The bus stopped, and the doors opened. A woman grasped the handrail with her right hand and with her left planted her cane on the step. Pulling on the railing and leaning on her cane, she made her way slowly onto the bus. Her progress had a fragile tentativeness that made her appear much older than she looked.
She stopped beside the fare box and leaned on her cane. In her right hand she held a crumpled dollar bill. She tried to insert the bill into the green sign taped over the fare box.
"Thank you, Sacramento," said the sign. "Today's ride is on us." "Us" was Washington Mutual.
The woman made another attempt to slot the money into the slotless sign.
Today, Washington Mutual celebrated what a wonderful bank it is with a free for all on Sacramento Regional Transit.
Giving up on the fare box, the woman tried to hand the dollar to the driver.
"Rides are free today," the driver tried to explain.
The woman is a regular rider. She attends the Winterstein Adult Center. The center offers free classes for people who want to learn English.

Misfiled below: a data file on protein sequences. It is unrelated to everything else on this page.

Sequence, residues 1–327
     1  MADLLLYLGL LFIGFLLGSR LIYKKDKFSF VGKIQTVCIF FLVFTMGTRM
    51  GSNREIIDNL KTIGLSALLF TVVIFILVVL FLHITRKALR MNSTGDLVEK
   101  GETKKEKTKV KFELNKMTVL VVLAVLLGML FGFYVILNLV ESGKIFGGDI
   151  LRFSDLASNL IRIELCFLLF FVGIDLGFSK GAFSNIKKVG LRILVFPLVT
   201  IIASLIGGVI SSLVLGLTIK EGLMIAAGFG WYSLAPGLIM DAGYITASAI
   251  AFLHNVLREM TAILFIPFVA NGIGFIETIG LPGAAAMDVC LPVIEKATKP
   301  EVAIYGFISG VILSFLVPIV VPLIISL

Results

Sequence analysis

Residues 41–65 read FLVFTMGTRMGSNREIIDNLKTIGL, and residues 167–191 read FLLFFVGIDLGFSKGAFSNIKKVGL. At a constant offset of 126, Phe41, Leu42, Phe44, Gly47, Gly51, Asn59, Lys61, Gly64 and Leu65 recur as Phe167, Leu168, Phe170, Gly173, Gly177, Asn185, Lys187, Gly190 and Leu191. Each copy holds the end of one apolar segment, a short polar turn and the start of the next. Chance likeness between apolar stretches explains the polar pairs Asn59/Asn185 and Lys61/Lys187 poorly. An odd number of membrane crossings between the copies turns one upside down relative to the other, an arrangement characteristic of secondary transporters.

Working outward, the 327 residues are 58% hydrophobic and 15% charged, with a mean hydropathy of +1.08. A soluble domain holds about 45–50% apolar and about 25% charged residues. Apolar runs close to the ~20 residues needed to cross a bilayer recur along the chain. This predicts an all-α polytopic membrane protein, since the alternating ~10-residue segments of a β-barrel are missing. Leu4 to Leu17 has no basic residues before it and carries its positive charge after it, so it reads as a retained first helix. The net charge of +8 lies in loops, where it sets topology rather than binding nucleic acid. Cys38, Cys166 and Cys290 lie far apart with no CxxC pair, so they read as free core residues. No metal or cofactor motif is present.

After a moment of obvious puzzlement caused by this change of routine, the woman accepted that no one wanted her dollar. She pivoted on her cane and shuffled carefully to the nearest seat.
On my regular bus, which runs from American River College to Sacramento State and on to the 65th Street light rail station, two-thirds of the riders -- maybe more -- have monthly passes. WaMu's free rides had no meaning for them. Most didn't even notice the sign.
Since hearing of this free-ride offer yesterday afternoon, I have been trying oh so hard not to look into the mouth of this gift horse. I don't want to be rude or sound ungrateful, but RT passed up a golden opportunity to invite commuters to try its service for a day.
"Check us out," RT could have told the community. "There is an alternative to solo commuting on crowded freeways."
Instead, RT gave less than 24 hours' notice. The Business Journal web site and several other sites that routinely publish unedited press releases announced the free rides, but the other news organizations paid no attention, at least none that I could find. Nothing appeared in The Bee to alert people who don't regularly ride the bus.
It is simply not feasible that WaMu's offer to give transit riders a free ride at its expense was a surprise to RT. Every light rail ticket machine, every fare box, every light rail car and every bus had notices about WaMu's "Thank you, Sacramento" offer, signs that only existing riders were likely to see.
Why did RT give away this opportunity?